And he stretched himself upon the child three times, and cried unto the LORD, and said, O LORD my God, I pray thee, let this child's soul come into him again.21. And he stretched himself] As though he would give of his own vitality to restore the life of the boy. The LXX. reads ἐνεφύσησε τῷ παιδαρίῳ = ‘he breathed upon the child.’ This is an exposition of the later words which speak of the child’s soul returning to him.
And the LORD heard the voice of Elijah; and the soul of the child came into him again, and he revived.22. And the Lord heard [R.V. hearkened unto] the voice of Elijah] This is the more usual rendering of the verb followed by a preposition as here. Instead of this verse the LXX. (Vat.) has ‘and it was so, and the child cried out.’ The following words also, in 1 Kings 17:23 ‘and Elijah took the child,’ are omitted in that version.
And Elijah took the child, and brought him down out of the chamber into the house, and delivered him unto his mother: and Elijah said, See, thy son liveth.
And the woman said to Elijah, Now by this I know that thou art a man of God, and that the word of the LORD in thy mouth is truth.24. Now by this] R.V. omits the last two words. The italics of A.V. shew that there is nothing in the Hebrew for ‘by,’ and the word rendered ‘this’ is only a particle to strengthen the adverb ‘now.’ The same two words are rendered in A.V. by ‘now’ simply in Ruth 2:7 and should be so translated here. In 2 Kings 5:22 they are translated ‘even now.’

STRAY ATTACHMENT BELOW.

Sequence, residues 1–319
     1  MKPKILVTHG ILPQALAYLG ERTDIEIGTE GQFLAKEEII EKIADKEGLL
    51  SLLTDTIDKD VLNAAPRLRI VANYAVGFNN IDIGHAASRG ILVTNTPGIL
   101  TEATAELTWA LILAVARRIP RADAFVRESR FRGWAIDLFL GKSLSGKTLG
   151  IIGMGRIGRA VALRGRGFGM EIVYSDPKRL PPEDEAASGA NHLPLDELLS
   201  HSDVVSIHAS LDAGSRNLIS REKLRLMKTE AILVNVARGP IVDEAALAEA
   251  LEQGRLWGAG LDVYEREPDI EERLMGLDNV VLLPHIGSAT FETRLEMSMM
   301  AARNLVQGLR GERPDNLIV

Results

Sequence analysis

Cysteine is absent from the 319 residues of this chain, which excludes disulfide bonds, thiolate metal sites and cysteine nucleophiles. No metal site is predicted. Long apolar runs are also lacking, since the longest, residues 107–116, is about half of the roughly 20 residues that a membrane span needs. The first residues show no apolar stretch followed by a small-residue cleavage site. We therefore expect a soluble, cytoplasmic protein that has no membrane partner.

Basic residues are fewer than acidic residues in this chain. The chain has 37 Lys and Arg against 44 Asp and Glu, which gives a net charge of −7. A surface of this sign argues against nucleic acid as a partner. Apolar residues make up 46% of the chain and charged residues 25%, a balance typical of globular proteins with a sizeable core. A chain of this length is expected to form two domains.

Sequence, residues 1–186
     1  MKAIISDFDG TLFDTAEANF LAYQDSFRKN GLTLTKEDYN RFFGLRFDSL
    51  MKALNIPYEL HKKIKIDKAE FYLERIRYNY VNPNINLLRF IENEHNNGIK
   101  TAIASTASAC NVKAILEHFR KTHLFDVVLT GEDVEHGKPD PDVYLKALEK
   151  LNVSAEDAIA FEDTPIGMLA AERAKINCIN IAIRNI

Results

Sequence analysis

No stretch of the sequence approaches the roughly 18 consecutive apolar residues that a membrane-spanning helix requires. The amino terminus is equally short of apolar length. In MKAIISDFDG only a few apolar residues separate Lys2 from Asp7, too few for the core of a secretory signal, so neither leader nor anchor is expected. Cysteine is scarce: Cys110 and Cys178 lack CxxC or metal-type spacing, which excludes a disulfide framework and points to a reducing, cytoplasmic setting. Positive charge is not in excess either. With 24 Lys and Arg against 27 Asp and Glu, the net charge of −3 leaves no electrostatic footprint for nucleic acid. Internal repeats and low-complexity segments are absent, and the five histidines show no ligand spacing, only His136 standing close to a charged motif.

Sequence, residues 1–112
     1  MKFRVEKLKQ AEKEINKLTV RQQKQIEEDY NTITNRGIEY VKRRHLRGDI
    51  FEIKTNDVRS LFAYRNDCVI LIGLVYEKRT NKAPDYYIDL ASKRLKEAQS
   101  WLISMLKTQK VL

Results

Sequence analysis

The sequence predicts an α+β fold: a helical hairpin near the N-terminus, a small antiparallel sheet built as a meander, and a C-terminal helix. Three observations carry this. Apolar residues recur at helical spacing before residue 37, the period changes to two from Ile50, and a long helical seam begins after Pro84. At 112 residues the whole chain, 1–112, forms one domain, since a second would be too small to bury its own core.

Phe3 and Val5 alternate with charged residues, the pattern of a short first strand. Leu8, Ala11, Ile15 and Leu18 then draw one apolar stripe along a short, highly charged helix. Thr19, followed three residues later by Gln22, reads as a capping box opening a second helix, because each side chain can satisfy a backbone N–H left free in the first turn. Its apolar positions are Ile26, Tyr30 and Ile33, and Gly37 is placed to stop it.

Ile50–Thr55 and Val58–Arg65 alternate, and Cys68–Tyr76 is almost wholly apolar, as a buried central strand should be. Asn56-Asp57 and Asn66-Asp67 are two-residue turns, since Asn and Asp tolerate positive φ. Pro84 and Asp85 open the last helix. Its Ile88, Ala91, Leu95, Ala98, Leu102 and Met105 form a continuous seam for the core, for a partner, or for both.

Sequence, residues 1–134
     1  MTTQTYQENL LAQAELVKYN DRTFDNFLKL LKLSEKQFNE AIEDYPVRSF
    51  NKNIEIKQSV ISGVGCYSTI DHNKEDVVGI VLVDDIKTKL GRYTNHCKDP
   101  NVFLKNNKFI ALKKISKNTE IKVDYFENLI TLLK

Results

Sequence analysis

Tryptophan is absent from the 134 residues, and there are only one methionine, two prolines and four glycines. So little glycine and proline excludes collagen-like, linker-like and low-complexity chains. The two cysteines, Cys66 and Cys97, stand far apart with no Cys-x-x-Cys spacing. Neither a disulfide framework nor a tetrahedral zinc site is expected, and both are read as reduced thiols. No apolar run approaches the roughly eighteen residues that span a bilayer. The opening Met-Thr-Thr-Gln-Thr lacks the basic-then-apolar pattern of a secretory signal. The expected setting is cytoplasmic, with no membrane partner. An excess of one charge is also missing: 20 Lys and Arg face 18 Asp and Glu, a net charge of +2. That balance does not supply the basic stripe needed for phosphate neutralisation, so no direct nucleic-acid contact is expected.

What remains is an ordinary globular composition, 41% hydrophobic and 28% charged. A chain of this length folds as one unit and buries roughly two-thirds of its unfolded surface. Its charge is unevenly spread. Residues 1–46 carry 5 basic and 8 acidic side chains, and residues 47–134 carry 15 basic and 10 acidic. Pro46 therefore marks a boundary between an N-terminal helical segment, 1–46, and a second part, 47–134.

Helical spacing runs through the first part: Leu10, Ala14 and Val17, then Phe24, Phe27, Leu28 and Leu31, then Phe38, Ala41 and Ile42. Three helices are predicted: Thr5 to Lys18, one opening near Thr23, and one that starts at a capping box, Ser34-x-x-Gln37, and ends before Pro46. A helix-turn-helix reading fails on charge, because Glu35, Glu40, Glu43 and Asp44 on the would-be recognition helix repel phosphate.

I know that thou art a man of God] She had so addressed him above in 1 Kings 17:18, but what she desires now to express is her firm assurance. The mercy of her son’s restoration spake more surely of God’s messenger than did the stroke of his death. Jewish tradition represents this boy as the servant who afterwards accompanied Elijah, and finally became the prophet Jonah. (See Jerome, Preface to Jonah.)
the word of the Lord in thy mouth is truth] This is more than to say that the word which the prophet speaks is truth; or than that the word of the Lord is in his mouth. It expresses a conviction that the Lord Jehovah in whose name Elijah speaks is the true God. Whatever stage her religious belief had before reached, she now advances beyond it, and acknowledges Jehovah as truth itself.